PHILADELPHIA (CN) – A suburban Philadelphia school district is transferring all of its autistic elementary students to a single school, with little preparation for students or parents, turning them into a “zoo exhibit” for other students at the school, parents claim in a federal class action.
Parents Toni and Steven Streeter sued the Chichester School District, its superintendent Barbara DiMarino, supervisor of special education Christine Murrin, and director of pupil services Siobhan Levy.
Chichester School District is in Bucks County, south of Philadelphia.
The Streeters claim the school district told parents on May 20 that all autistic students would be moved from Linwood Elementary to Boothwyn Elementary for the school year that begins in September. The district’s program for autistic children is to be consolidated in the one school.
The Streeters say that when they asked about the reasons for the relocation, they were variously told: “The principal at Linwood Elementary is overwhelmed and we want to lighten her load”; “Chichester School District has conducted an extensive study and we find that this is the best location for the children”; and “We want children at Boothwyn to see what it is like to interact with autistic children.”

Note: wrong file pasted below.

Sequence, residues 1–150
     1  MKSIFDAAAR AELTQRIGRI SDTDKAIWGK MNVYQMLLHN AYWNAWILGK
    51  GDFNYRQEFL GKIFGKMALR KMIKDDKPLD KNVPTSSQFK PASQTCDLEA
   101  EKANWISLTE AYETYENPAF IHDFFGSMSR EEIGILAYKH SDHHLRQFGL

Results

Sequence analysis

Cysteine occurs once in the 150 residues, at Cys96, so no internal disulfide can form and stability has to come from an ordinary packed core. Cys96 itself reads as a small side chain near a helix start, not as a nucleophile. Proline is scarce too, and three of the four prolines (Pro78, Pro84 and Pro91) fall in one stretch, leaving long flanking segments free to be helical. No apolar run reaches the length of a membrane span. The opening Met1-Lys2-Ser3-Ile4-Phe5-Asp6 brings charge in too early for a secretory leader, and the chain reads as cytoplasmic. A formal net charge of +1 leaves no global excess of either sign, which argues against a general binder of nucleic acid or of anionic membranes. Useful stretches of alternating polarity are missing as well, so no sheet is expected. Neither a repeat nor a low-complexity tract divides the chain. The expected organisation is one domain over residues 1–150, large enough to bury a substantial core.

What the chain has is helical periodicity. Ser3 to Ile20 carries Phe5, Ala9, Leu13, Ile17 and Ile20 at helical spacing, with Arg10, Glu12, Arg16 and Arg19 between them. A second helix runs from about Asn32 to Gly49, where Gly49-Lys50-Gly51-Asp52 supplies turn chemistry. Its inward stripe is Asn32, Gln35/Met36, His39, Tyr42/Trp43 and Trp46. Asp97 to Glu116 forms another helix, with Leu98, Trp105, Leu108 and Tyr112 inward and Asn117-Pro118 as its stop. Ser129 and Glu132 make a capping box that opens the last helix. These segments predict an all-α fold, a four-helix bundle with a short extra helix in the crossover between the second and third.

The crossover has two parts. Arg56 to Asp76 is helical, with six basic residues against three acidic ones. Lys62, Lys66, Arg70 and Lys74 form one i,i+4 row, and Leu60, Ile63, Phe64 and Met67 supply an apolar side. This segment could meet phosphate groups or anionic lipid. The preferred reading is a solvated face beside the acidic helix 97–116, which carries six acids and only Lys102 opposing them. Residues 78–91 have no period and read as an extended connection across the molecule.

The latter reason, according to the lawsuit, treats their child “and others similarly situated as a zoo exhibit.”
The parents claim it also violates the Individuals with Disabilities Education Act (IDEA) by forgoing parental involvement and by not following the Individual Education Plan – a set of accommodations established for each disabled student, as mandated by IDEA.
“The problem with autism,” the plaintiff’s attorney Leonidas Koletas told Courthouse News, “is that any break in the routine, any break in the sameness, any break in the people you come in contact with creates a confusion and withdrawal of the student. It creates agitation, it creates emotional trauma to the student. It’s not a question of moving from building A to building B. It’s about how they facilitated that move.”
Typically, when autistic children are moved from elementary school to junior high school, they are given an entire year to become familiar with the new environment through a structured program of relocation tailored to the challenges such relocation can pose for children with autism, Koletas said.
The Linwood students are given only the summer between school years to acclimate, according to the complaint.
Officials from the Chichester School District did not respond to requests for comment.
Neither Koletas nor the complaint identified the number of autistic children in the district.
The parents seek class certification, and want the kibosh put on the transfers, plus costs.
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